ASP.NET application exhibits strange behaviour through firewall

This problem has been solved thanks to your suggestions. See the bottom for details. Thanks very much for your help!

Our ASP.NET website is accessed from several specific and highly secure international locations. It has been operating fine, but we have added another client location which is exhibiting very strange behaviour.

In particular, when the user enters search criteria and clicks the search button the result list returns empty. It doesn't even show the '0 results returned' text, so it is as if the Repeater control did not bind at all. Similar behaviour appears in some, but not all, other parts of the site. The user is able to log in to the site fine and their profile information is displayed.

I have logged in to the site locally using exactly the same credentials as them and the site works well from here. We have gone through the steps carefully so I am confident it is not a user issue.

I bind the search results in the Page_Load of the search results page the first time it is loaded (the criteria is in the query string). i.e.

if (!IsPostBack) {
  BindResults();
}

I can replicate exactly the same behaviour locally by commenting out the BindResults() method call.

Does anybody know how the value of IsPostBack is calculated? Is it possible that their highly-secure firewall setup would cause IsPostBack to always return true, even when it is a redirect from another page? That could be a red herring as the problem might be elsewhere. It does exactly replicate the result though.

I have no access to the site, so troubleshooting is restricted to giving them instructions and asking for them to tell me the result.

Thanks for your time!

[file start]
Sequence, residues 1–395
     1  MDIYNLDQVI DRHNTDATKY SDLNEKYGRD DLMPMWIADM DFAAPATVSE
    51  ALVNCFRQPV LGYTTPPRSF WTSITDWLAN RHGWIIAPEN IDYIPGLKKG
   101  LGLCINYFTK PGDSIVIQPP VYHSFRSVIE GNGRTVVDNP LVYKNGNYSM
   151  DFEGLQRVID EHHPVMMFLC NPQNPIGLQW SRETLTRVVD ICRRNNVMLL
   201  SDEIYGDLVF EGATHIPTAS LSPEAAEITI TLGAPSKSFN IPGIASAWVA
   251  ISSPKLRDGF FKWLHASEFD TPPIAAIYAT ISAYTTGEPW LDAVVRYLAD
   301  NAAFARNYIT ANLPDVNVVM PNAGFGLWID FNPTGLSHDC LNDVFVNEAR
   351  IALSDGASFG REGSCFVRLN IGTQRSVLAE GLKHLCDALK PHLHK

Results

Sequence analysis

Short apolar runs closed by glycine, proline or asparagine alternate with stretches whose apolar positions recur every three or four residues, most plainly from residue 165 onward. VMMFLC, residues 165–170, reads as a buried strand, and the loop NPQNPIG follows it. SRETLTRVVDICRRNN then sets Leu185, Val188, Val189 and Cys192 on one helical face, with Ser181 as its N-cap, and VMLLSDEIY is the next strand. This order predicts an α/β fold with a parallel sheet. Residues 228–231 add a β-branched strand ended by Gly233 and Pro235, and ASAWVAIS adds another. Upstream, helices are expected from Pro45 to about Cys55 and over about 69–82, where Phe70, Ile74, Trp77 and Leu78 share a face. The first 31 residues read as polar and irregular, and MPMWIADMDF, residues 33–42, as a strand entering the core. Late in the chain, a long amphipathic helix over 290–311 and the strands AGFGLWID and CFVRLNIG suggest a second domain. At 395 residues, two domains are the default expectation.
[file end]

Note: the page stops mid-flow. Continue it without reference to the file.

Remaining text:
Appended info: Client is behind a Microsoft ISA 2006 firewall running default rules. The site has been added to the Internet Explorer trusted sites list and tried in FireFox and Google Chrome, all with the same result.

SOLUTION: The winner for me was the suggestion to use Fiddler. What an excellent tool that no web developer should be without. Using this I was able to strip various headers from the request until I reproduced the problem. There were actually two factors that caused this bug, as is so often the case with such confusing issues.

Factor one – Where possible the web application uses GZIP compression as supported by all major browsers. The firewall was stripping off the header that specifies GZIP decompression support (Accept-Encoding: gzip, deflate).

Factor two – A bug in my code meant that some processing was bypassed when the content was being sent uncompressed. This problem was not noticed before because the application is used by a limited audience, all of which supported GZIP decompression.

Answers


If they're at all tech-savvy, I would have them download Fiddler or something similar, capture the entire HTTP session, and then send you the saved session. Maybe something in there will stick out.

Meanwhile, see if you can get an install of ISA Server (an evaluation install, if you have to, or one from MSDN if you have or know anyone with a sub) and see if you can replicate it locally.


Is it possible the client has disabled Javascript and it's not picking up the _EVENTTARGET form value?


It might be some sort of proxy which creates a GET request out of a given POST request...

I am not sure how the IsPostBack is calculated, but my guess would be that it checks the HTTP request to see if it's a POST or a GET...


Ohh, yeah. It's definitely NOT "_EVENTTARGET" BTW...

I know this since Ra-Ajax does NOT pass any of those parameters to the server and they (Ra-ajax requests) are processed as IsPostBack requests...


Location, location, location. Check the user's culture. Normally that causes issues.


Could you create a test Post Page that passes the same things that your search page does, and in the Page_Load write back all of the post to make sure they are getting passed, particularly the __VIEWSTATE.

foreach (string key in Request.Form)
{
    Response.Write("<br>" + key + "=" + Request.Form[key]);
}

Then ask one of the users to forward back what they see on that test page.

EDIT: There is documentation that some firewalls can corrupt the VIEWSTATE and some methods to get around it: View State Overview


Check the IIS logs to see if the request even makes it to your server. The ISA setup might be caching the initial request and serving that up in the succeeding requests.


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